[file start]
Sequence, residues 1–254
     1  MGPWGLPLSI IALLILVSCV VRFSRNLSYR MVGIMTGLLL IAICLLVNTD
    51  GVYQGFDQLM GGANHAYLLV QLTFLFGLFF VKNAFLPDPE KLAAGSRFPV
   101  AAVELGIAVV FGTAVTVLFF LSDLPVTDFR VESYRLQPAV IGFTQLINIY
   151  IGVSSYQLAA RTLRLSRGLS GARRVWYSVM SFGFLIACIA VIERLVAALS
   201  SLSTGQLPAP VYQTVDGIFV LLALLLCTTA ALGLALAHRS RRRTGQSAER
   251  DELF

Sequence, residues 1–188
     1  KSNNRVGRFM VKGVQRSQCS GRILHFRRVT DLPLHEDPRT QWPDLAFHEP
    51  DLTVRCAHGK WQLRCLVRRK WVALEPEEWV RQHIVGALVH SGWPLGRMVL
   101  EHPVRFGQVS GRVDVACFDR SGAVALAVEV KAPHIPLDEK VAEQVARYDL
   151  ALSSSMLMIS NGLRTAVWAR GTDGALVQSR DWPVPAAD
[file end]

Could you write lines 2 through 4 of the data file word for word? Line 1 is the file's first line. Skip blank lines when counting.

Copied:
     1  MGPWGLPLSI IALLILVSCV VRFSRNLSYR MVGIMTGLLL IAICLLVNTD
    51  GVYQGFDQLM GGANHAYLLV QLTFLFGLFF VKNAFLPDPE KLAAGSRFPV
   101  AAVELGIAVV FGTAVTVLFF LSDLPVTDFR VESYRLQPAV IGFTQLINIY